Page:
The leader of the 2015 WSOP Main Event, Joe McKeehen, has a third of the chips in play but is he nailed on to win? We look back at Main Event history to get the answer…
We need to talk about Joe…
24-year-old Joe McKeehen hasn’t won any major titles but he’s no slouch on the tables. He has close to $3m in career winnings, including the $1m he’s already banked for making the final table of the 2015 WSOP Main Event, and was runner up in the huge WSOP Monster Stack event last year.
He knows how to close as well. He’s won 13 tournaments since 2011, including a WSOP Circuit event in 2013 and the $1,500 Wynn Fall Classic in October. He might not be the most experienced player at the table but he’s got a massive chip lead and he’s good enough to make it count.
He knocked Daniel Negreanu out in 11th place which makes him the villain of the piece for a lot of neutrals, but he won’t care about that.
Joe McKeehen will start the final table with the largest percentage of chips in play of any chip leader in the last ten years. He’s rightly a short favourite to win when play resumes in November, but what does history tell us about dominant Main Event final table chip leaders?
The portents are good for McKeehen. Three players have had similar stacks in the past ten years – Jonathan Duhamel (2010), Darvin Moon (2009) and Jamie Gold (2006). Duhamel and Gold went on to win and Moon came second. Moon was by far the least experienced player of the three and made some critical mistakes. McKeehen is an experienced player and he’ll be disappointed with anything but first or second.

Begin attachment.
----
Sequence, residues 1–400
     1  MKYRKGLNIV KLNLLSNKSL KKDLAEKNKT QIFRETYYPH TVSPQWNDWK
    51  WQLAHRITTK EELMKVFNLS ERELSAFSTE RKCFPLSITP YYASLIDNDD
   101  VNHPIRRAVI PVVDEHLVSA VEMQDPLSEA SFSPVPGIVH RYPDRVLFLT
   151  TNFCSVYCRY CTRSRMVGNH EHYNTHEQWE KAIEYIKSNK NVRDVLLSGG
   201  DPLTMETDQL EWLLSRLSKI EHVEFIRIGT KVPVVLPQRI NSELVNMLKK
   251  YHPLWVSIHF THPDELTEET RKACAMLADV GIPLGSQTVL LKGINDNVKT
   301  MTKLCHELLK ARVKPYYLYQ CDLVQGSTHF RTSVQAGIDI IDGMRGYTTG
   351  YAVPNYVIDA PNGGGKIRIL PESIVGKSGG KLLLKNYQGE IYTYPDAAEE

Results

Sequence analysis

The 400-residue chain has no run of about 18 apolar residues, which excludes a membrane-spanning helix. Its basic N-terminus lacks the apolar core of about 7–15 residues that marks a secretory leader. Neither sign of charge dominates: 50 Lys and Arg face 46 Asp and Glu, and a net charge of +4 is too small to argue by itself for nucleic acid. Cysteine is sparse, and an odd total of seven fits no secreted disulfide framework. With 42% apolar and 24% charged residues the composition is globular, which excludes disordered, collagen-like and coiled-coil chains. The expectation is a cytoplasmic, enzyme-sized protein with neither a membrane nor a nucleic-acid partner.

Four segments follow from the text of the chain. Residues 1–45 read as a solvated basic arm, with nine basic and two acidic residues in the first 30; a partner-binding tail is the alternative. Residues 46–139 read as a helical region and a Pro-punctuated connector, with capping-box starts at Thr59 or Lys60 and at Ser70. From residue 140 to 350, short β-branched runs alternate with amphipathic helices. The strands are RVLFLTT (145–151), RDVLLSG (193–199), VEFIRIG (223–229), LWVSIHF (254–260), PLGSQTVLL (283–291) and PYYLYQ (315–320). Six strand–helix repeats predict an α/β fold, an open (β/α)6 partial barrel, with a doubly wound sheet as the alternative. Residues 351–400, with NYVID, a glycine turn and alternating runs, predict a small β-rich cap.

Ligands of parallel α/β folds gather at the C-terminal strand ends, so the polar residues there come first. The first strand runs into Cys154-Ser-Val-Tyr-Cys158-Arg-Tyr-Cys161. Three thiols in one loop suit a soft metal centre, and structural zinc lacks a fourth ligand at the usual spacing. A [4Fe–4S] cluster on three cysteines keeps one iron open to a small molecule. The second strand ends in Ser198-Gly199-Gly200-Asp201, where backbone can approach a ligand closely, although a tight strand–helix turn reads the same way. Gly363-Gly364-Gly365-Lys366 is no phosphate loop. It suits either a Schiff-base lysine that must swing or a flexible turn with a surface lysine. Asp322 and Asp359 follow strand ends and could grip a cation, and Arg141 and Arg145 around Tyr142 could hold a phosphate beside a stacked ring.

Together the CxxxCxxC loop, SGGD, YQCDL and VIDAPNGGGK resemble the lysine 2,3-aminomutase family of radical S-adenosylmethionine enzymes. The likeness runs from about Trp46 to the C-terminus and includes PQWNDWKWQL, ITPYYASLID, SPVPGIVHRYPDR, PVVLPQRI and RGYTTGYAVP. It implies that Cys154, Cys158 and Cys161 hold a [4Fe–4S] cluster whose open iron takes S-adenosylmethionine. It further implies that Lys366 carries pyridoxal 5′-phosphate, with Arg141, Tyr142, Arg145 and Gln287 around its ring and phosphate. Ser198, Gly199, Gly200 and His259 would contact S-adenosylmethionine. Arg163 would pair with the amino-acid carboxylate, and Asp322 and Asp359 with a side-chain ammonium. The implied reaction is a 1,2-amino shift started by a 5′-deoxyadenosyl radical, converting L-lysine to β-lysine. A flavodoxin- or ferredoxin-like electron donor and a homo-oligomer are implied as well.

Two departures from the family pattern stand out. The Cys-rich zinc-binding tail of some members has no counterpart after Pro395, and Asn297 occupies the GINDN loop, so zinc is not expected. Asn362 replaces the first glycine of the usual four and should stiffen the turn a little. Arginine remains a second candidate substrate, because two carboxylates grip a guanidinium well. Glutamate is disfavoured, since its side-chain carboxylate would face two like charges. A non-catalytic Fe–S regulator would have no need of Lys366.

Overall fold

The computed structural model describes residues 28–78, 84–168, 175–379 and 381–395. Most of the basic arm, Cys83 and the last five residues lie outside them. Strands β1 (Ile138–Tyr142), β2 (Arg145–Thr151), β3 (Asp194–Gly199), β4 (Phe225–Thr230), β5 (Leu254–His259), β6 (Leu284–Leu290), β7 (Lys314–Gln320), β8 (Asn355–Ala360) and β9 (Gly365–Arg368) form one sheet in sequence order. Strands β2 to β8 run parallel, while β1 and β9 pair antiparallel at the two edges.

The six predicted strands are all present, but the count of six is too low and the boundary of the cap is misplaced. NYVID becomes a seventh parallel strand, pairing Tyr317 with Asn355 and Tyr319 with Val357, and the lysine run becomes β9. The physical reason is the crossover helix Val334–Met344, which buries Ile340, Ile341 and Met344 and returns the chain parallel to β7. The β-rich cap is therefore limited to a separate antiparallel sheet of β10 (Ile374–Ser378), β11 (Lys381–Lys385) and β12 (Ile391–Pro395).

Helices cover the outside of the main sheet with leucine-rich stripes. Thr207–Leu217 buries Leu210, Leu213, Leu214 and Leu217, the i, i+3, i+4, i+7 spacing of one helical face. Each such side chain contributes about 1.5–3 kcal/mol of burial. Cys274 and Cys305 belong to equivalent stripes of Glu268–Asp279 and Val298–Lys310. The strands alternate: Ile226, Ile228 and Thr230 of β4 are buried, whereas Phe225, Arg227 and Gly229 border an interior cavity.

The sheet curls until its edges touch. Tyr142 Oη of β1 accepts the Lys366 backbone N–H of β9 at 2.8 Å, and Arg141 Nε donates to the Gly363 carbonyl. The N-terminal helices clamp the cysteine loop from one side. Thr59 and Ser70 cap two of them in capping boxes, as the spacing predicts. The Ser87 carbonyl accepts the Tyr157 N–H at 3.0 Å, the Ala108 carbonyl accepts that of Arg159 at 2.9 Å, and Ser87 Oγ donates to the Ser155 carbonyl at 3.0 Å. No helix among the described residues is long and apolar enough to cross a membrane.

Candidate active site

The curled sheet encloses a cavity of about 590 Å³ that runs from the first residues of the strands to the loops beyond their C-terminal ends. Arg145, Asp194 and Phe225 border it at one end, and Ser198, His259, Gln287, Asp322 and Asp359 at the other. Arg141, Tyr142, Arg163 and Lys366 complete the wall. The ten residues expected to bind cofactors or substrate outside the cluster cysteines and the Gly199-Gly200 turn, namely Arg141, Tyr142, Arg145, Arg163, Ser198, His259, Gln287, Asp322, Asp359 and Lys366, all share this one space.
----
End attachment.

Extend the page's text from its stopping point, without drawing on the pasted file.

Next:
Our verdict? It’s McKeehen’s to lose but nothing’s certain in poker and we won’t be backing him at 6/4.
The 2015 main event outsiders
These are the players we think have a shot at beating the odds in November.
All-time earnings: $2,957,574
Main Event chips: 20,200,000 (50.5BBs)
Steinberg doesn’t play a massive volume of tournaments but he’s the only November Niner with a bracelet – he won a $1k NLHE event with 2,795 runners in 2012. He finished second in two other WSOP events and a WPT Main Event.
All-time earnings: $3,176,174
Main Event chips: 21,075,000 (53BBs)
Neuville is the oldest player on the final table, the most experienced and the player with the biggest career earnings. He’s finished second twice in EPT Main Events and with 53BBs, has a great stack to spin up in November.
All-time earnings: $1,246,612
Main Event chips: 11,800,000 (29BBs)
If you want a big price to bet on, Josh Beckley is probably the best of the big outsiders. As well as finishing in the November Nine he cashed twice in PLO events at this year’s WSOP, but he’ll need all of his gamble here.